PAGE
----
First-term regional councillor Hinewai Ormsby has been appointed chair of the Hawke's Bay Regional Council environment and integrated catchments committee.

One of the key roles of the committee was in managing the council's core environmental activities.

This includes climate change policy, environmental performance trends and State of the Environment environmental monitoring and reviewing responses to emerging and significant environmental issues.

Ormsby, who is the only female on council, said her vision was to see a greater extension of the regional parks network and restoration along the region's waterways and wetlands - all of which were key drivers in her decision to take up the role.


"Hawke's Bay's current and future environment will need all the help we can provide, and the complex nature of this challenge excites me," she said.

"There is no avoiding the fast-approaching impacts of climate change that stare us right in the eye.

"This is the most tremendous challenge of all and if we don't address and reduce our own carbon footprint, we pass those burdens on to our children."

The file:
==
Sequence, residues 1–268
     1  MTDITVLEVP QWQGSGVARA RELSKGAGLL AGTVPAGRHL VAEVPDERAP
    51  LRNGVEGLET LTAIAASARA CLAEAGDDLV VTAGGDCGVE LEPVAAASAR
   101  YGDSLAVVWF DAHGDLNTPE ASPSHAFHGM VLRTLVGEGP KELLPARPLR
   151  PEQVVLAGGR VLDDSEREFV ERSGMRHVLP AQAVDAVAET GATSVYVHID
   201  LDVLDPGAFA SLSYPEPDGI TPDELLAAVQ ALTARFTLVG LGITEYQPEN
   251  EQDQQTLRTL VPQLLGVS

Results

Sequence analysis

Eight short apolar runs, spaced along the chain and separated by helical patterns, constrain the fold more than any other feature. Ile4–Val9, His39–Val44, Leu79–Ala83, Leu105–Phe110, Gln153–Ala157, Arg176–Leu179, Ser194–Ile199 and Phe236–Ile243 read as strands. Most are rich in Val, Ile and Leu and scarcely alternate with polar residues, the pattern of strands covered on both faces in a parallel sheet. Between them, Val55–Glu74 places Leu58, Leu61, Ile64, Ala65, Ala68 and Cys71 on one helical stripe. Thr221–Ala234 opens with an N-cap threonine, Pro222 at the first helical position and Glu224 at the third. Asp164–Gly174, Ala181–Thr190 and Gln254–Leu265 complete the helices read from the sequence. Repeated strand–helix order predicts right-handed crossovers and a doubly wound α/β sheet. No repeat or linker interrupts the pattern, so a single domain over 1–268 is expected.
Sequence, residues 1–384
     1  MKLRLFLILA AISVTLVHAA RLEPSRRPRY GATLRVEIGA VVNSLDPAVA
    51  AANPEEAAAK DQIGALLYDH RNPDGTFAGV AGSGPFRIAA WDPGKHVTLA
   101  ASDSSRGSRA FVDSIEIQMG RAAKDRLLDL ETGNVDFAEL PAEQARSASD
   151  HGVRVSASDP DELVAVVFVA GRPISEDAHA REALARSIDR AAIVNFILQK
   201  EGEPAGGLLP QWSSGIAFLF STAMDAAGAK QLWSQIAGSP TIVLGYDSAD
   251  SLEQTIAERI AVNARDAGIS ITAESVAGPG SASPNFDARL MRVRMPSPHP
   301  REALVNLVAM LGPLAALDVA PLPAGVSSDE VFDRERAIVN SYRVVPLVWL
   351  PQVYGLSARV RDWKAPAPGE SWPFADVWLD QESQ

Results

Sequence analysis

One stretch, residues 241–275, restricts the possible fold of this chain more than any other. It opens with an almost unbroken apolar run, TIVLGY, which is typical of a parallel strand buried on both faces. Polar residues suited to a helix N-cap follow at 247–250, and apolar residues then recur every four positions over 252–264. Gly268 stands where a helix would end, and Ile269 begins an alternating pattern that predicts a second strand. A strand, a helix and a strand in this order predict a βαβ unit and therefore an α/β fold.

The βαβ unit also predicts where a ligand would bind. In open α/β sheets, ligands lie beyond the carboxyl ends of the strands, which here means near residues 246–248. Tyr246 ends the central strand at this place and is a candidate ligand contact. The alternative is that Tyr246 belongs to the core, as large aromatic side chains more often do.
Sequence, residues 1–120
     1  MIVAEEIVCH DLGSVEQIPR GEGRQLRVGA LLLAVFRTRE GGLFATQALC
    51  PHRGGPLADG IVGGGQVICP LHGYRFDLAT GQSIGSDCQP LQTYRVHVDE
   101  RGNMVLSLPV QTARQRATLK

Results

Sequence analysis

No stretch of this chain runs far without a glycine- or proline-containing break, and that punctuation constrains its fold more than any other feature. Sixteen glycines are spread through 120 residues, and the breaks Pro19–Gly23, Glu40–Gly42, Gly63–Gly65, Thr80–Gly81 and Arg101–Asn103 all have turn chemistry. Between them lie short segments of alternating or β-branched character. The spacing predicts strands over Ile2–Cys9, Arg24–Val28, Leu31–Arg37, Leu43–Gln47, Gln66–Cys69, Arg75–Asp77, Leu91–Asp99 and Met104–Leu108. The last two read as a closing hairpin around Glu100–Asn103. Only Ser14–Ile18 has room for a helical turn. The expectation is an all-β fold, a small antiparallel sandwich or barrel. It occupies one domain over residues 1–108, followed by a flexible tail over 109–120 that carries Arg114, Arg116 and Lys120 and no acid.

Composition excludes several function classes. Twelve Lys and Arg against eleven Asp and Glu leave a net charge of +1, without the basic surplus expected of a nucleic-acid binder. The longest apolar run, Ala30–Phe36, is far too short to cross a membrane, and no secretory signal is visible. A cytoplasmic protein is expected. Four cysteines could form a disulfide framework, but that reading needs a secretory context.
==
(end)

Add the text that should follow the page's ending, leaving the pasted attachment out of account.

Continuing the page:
The regional council needs to "lead our region in this space" which they are working on, she said.

The council has set a target for the region to be carbon neutral by 2050, aligning with the nation's target.

Ormsby said her background in the environmental space as well as her knowledge of tikanga Māori, leadership qualities and high representational mandate from voters contributed to her election as chair.

Formerly a science teacher, she has been leading native tree planting days with the next one this Sunday in Eskdale where a group will be planting 1500 native trees along the Whareponga Stream.

"There is a lot to believe in when you do the mahi to make a physical difference in protecting and restoring our environment, there are many different ways to lead," she said.


Ormsby takes over from councillor Rick Barker who is now deputy chair of the committee. She thanked him for his nomination to elect her as the new chairperson.

"He has handed the rākau over, and he's now my wing man," she said.

At the meeting on Wednesday the council also adopted the 2020-2021 Annual Plan which has a climate-smart recovery.

Council chairman Rex Graham endorsed this year's plan saying it maintains delivery of the regional council's environmental work, with a stronger focus on climate change and supporting the Bay's economy.

"After listening to our regional community, we've kept rates revenue for this year at zero per cent, and set aside $1 million for recovery-related projects."

The 2020-21 Annual Plan covers the period of July 1 2020 until June 30 2021 and continues the direction set by the 2018-28 Long Term Plan.